This incident had the effect to start me under great disadvantage to make a good night’s journey, as it threw me at once off the road, and compelled me to encounter at once the tedious and laborious task of beating my way across marshy fields, and to drag through woods and thickets where there were no paths.

After several hours I found my way back to the road, but the hope of making anything like clever speed was out of the question. All I could do was to keep my legs in motion, and this I continued to do with the utmost difficulty. The latter part of the night I suffered extremely from cold. There came a heavy frost; I expected at every moment to fall on the road and perish. I came to a corn-field covered with heavy shocks of Indian corn that had been cut; I went into this and got an ear, and then crept into one of the shocks; eat as much of it as I could, and thought I would rest a little and start again, but weary nature could not sustain the operation of grinding hard corn for its own nourishment, and I sunk to sleep.

When I awoke, the sun was shining around; I started with alarm, but it was too late to think of seeking any other shelter; I therefore nestled myself down, and concealed myself as best I could from the light of day. After recovering a little from my fright, I commenced again eating my whole corn. Grain by grain I worked away at it; when my jaws grew tired, as they often did, I would rest, and then begin afresh. Thus, although I began an early breakfast, I was nearly the whole of the forenoon before I had done.

Nothing of importance occurred during the day, until about the middle of the afternoon, when I was thrown into a panic by the appearance of a party of gunners, who passed near me with their dogs. After shooting one or two birds, however, and passing within a few rods of my frail covering, they went on, and left me once more in hope. Friday night came without any other incident worth naming. As I sallied out, I felt evident benefit from the ear of corn I had nibbled away. My strength was considerably renewed; though I was far from being nourished, I felt that my life was at least safe from death by hunger. Thus encouraged, I set out with better speed than I had made since Sunday and Monday night. I had a presentiment, too, that I must be near free soil. I had not yet the least idea where I should find a home or a friend, still my spirits were so highly elated, that I took the whole of the road to myself; I ran, hopped, skipped, jumped, clapped my hands, and talked to myself. But to the old slaveholder I had left, I said, “Ah! ha! old fellow, I told you I’d fix you.”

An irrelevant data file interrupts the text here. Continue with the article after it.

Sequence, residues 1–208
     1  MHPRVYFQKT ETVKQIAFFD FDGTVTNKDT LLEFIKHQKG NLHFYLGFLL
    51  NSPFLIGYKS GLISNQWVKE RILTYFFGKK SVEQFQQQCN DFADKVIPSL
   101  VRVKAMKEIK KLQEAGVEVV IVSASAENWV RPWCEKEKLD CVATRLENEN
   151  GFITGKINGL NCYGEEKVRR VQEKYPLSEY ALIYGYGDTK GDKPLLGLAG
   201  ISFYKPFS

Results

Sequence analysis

After an hour or two of such freaks of joy, a gloom would come over me in connection with these questions, “But where are you going? What are you going to do? What will you do with freedom without father, mother, sisters, and brothers? What will you say when you are asked where you were born? You know nothing of the world; how will you explain the fact of your ignorance?”

These questions made me feel deeply the magnitude of the difficulties yet before me.

Saturday morning dawned upon me; and although my strength seemed yet considerably fresh, I began to feel a hunger somewhat more destructive and pinching, if possible, than I had before. I resolved, at all risk, to continue my travel by daylight, and to ask information of the first person I met.

The events of the next chapter will shew what fortune followed this resolve.

Pennington, James W. C. The Fugitive Blacksmith; or Events in the History of James W. C. Pennington. Charles Gilpin. 1849.